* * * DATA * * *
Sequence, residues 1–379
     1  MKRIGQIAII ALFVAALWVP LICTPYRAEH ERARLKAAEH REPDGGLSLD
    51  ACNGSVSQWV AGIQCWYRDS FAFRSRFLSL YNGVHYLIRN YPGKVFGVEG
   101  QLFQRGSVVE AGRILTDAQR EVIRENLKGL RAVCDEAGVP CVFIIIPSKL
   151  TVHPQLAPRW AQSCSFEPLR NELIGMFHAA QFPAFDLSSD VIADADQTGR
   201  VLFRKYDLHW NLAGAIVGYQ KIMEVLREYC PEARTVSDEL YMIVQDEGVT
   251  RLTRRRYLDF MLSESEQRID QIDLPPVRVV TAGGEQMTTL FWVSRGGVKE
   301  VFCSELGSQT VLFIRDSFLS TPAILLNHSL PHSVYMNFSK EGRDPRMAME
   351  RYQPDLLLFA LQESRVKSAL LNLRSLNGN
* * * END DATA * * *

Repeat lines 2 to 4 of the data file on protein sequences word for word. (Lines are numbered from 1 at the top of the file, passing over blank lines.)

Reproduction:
     1  MKRIGQIAII ALFVAALWVP LICTPYRAEH ERARLKAAEH REPDGGLSLD
    51  ACNGSVSQWV AGIQCWYRDS FAFRSRFLSL YNGVHYLIRN YPGKVFGVEG
   101  QLFQRGSVVE AGRILTDAQR EVIRENLKGL RAVCDEAGVP CVFIIIPSKL